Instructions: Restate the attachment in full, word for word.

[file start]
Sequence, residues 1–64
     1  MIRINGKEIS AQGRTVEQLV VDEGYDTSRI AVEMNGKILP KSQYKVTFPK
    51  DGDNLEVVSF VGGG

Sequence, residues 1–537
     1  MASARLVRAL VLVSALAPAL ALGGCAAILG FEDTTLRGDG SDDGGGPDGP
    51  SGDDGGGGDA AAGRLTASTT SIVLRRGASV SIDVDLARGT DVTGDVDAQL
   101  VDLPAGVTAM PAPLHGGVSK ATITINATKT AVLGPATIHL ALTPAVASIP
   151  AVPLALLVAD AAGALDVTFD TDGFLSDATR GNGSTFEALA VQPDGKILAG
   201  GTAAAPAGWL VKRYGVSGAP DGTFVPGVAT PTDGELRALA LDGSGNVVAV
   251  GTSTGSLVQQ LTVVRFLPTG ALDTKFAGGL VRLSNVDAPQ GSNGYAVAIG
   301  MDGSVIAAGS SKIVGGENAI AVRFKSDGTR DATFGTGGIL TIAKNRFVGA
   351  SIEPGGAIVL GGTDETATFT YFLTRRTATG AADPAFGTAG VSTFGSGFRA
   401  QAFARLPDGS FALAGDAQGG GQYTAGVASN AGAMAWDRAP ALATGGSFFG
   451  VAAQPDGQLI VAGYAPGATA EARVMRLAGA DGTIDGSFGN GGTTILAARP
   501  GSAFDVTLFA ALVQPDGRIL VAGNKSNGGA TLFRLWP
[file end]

Sequence, residues 1–64
     1  MIRINGKEIS AQGRTVEQLV VDEGYDTSRI AVEMNGKILP KSQYKVTFPK
    51  DGDNLEVVSF VGGG

Sequence, residues 1–537
     1  MASARLVRAL VLVSALAPAL ALGGCAAILG FEDTTLRGDG SDDGGGPDGP
    51  SGDDGGGGDA AAGRLTASTT SIVLRRGASV SIDVDLARGT DVTGDVDAQL
   101  VDLPAGVTAM PAPLHGGVSK ATITINATKT AVLGPATIHL ALTPAVASIP
   151  AVPLALLVAD AAGALDVTFD TDGFLSDATR GNGSTFEALA VQPDGKILAG
   201  GTAAAPAGWL VKRYGVSGAP DGTFVPGVAT PTDGELRALA LDGSGNVVAV
   251  GTSTGSLVQQ LTVVRFLPTG ALDTKFAGGL VRLSNVDAPQ GSNGYAVAIG
   301  MDGSVIAAGS SKIVGGENAI AVRFKSDGTR DATFGTGGIL TIAKNRFVGA
   351  SIEPGGAIVL GGTDETATFT YFLTRRTATG AADPAFGTAG VSTFGSGFRA
   401  QAFARLPDGS FALAGDAQGG GQYTAGVASN AGAMAWDRAP ALATGGSFFG
   451  VAAQPDGQLI VAGYAPGATA EARVMRLAGA DGTIDGSFGN GGTTILAARP
   501  GSAFDVTLFA ALVQPDGRIL VAGNKSNGGA TLFRLWP